9. Today, there is one topic can be agreed upon: something needs to be done about our ever-increasing unemployment rate. Of course, this means that new jobs must be created. Another thing that most of society agrees upon is that either we must protect our environment or stimulate the economy and create those much-needed jobs. However, it is possible to do both. If we focus on creating new “green” jobs, we can stimulate the economy, help our unemployment problem and protect our environment. Climate change is at the center of the need for change in terms of environmental protection. “Left unchecked, the economic disruption caused by climate change will sap our resources and dampen our growth. But with low-carbon technologies and clean, renewable energy, we can capture a new global market, drive American economic growth, and create green jobs for American workers, offering new skills and new earnings opportunities up and down the economic ladder.”(1) The US Environmental Protection Agency (EPA) was given $7.22 billion to achieve their goal of “protecting and promoting ‘green’ jobs and a healthier environment” (2). Also, at the beginning of this year, President Obama announced that $2.3 billion in tax credits would be used for the creation of 17,000 green technology jobs and $5 billion would be used for clean energy manufacturing, which would require the creation of other jobs (3). One study shows that if 25% of all American energy were produced from renewable sources by 2025, we would generate at least 5 million new green jobs (5). Also, what is not often thought of is that these new jobs will not only be for young people who are fresh out of college and set on changing the world. According to Rona Fried, founder of GreenDreamJobs.com, many green companies are looking to fill positions with older individuals with decades of experience (4). What is also often left unconsidered is that the focus on having a greener economy has made some people begin new businesses on their own. One individual, Mark Davis, was encouraged to start his own solar instillation company (4). Overall, when both economy and environmental protection are considered, there are many new opportunities for change and growth. We must think about long-term effects: the development of new energy sources not only offers jobs, but eventually prices will decrease and become more stable because these resources are “homegrown” (1). It is also important to remember that many of the steps that can be taken to create a greener economy also mean new career opportunities for numerous Americans.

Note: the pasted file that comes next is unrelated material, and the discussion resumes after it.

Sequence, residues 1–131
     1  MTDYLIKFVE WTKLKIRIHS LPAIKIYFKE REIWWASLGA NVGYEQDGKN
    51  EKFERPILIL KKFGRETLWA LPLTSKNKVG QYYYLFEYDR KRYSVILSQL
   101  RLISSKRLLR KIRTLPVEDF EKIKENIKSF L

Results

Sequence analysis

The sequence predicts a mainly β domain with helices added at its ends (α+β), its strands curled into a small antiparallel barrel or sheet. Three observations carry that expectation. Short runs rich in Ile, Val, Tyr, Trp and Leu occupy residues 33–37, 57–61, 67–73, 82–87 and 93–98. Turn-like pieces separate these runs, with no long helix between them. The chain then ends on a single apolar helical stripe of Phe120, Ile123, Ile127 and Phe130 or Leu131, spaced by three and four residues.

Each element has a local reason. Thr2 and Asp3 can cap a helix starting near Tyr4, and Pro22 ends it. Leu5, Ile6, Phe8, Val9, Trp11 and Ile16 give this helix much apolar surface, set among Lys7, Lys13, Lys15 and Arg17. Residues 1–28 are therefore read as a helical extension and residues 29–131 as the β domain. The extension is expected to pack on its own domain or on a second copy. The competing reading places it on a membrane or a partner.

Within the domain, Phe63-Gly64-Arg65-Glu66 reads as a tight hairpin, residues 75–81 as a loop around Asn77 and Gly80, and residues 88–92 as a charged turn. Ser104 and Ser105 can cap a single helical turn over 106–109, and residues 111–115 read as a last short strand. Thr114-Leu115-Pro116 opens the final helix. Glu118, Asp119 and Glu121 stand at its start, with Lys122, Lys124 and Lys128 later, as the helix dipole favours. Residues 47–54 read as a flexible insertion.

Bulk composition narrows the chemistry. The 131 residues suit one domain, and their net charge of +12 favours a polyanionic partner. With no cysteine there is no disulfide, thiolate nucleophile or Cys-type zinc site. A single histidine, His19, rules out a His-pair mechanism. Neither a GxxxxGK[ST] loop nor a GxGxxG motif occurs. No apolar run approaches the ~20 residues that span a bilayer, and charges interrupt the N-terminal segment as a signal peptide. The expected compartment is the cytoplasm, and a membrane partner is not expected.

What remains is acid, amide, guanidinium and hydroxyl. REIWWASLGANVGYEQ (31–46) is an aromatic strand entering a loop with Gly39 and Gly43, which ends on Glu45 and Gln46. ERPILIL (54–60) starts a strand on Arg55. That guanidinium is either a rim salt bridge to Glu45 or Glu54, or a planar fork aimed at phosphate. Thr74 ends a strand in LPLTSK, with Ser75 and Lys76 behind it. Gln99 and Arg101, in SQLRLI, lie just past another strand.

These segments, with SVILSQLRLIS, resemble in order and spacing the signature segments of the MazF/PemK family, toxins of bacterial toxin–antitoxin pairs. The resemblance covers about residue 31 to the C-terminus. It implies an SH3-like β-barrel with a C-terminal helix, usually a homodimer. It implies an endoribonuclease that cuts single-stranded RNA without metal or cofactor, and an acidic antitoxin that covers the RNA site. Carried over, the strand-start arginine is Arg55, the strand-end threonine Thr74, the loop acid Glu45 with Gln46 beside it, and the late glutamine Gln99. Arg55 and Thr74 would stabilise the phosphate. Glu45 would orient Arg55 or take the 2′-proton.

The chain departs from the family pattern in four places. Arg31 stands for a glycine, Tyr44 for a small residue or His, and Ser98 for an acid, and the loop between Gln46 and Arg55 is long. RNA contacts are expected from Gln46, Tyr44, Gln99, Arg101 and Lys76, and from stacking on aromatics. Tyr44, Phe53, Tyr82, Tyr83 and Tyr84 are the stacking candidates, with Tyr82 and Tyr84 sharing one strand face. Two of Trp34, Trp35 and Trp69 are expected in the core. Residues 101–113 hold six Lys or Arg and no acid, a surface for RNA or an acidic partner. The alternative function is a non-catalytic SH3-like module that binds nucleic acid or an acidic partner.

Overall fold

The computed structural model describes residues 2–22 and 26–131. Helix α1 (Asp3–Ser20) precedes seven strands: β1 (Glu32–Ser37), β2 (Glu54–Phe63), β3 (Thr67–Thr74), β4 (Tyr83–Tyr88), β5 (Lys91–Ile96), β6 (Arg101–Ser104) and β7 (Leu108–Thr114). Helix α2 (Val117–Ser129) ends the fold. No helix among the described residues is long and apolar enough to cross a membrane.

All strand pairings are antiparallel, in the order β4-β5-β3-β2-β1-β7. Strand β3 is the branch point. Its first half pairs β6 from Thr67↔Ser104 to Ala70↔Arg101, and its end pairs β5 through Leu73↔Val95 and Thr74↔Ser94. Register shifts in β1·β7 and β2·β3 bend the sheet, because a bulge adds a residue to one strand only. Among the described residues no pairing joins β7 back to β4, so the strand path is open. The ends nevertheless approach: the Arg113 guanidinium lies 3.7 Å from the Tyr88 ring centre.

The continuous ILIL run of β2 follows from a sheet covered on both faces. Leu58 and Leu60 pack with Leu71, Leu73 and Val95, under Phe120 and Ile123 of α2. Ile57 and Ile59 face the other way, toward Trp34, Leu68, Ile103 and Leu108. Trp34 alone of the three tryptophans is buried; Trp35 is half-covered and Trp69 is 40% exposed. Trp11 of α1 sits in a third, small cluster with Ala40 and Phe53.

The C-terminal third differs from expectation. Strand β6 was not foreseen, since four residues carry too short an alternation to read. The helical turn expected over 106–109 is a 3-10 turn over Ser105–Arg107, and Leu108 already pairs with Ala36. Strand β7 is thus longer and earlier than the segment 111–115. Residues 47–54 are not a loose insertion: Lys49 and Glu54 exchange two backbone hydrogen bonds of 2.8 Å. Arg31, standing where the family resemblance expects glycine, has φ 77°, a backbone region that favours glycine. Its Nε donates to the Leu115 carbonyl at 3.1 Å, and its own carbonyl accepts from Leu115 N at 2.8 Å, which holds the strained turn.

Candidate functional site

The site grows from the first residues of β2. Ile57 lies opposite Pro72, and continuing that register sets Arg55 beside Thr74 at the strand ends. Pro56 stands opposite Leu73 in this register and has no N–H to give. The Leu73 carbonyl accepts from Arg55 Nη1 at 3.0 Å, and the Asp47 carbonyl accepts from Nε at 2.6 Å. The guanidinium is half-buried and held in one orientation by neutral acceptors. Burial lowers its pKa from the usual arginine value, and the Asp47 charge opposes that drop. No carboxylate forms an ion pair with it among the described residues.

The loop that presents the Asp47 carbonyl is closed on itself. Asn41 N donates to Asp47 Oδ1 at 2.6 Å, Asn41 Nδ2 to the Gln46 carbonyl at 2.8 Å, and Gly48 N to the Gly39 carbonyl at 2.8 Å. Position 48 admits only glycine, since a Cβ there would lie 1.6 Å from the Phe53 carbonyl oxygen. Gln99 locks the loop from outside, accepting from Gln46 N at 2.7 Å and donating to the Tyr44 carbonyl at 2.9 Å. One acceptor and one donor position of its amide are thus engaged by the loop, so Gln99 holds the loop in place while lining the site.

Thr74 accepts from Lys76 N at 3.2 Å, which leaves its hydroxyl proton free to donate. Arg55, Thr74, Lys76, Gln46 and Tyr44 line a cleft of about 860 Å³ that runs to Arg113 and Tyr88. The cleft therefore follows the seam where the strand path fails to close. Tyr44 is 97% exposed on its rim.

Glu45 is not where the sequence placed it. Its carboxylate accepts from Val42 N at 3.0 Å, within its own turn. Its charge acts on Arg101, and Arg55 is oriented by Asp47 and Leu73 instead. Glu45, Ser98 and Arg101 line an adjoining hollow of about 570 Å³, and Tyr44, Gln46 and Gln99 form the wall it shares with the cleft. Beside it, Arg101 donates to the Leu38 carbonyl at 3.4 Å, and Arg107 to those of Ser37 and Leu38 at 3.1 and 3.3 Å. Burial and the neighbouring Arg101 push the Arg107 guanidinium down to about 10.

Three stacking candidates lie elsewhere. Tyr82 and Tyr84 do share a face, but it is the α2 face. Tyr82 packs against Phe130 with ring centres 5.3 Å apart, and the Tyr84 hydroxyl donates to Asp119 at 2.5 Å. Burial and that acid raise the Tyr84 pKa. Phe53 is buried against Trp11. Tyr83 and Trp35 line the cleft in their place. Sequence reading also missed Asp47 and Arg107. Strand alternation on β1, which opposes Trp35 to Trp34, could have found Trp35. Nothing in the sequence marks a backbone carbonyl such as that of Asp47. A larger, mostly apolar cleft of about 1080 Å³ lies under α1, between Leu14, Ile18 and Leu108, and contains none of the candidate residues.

Sources:
    (1) http://alternativeenergy.procon.org/view.answers.php?questionID=001336
    (2) http://www.epa.gov/recovery/map.html
    (3) http://www.nytimes.com/2010/01/09/opinion/09sat2.html?scp=10&sq=green+jobs&st=nyt
    (4) http://www.nytimes.com/2010/03/04/business/04JOBS.html?pagewanted=2&sq=green jobs&st=nyt&scp=1
    (5) http://www.time.com/time/health/article/0,8599,1809506,00.html

  10. I agree with what Brittany, Christina, and others have said: The environment and the economy are interconnected and we must have balance.

    If we destroy the environment, we will not have any resources to support industry, we could destroy our quality of life, and ultimately destroy our species (the extinction of many species currently inhabiting Earth, including ours, is likely if we continue to pollute the environment, deplete limited resources, and possibly cause climate change; however many, many other species would endure [think bugs and deep-sea fishes] and the Earth itself would move on without us).

    On the other hand, if we destroy our economy (highly unlikely as that is), it will destroy our country. As much as our country was founded on and based in the ideals of Democracy, it was equally founded on and is rooted in the ideals of free trade and Capitalism; Rousseau’s Social Contract (1762) (1) and Smith’s Wealth of Nations (1776) (2) were not written too far apart and both had their effect on the U.S. Constitution of 1787 (3; 4) and the foundations laid afterwards (5). It is hard to say exactly what would happen if our economy failed catastrophically (worse than in the 1930s), but loss of trust in the government—possibly even a call for re-organization of the government (i.e. adopt a new constitution, as has happened in France repeatedly over the past two-hundred and fifty years, largely due to various economic issues)—a breakdown of infrastructure and decline in the standard of living would be the most likely effects. In any case, I doubt we would still be concerned about protecting and preserving the environment; all of our attention would be focused on regaining stability and I feel many people would be inclined to give up on environmental ideals in favor of economic recovery—just as is the case right now, only to a greater degree (6).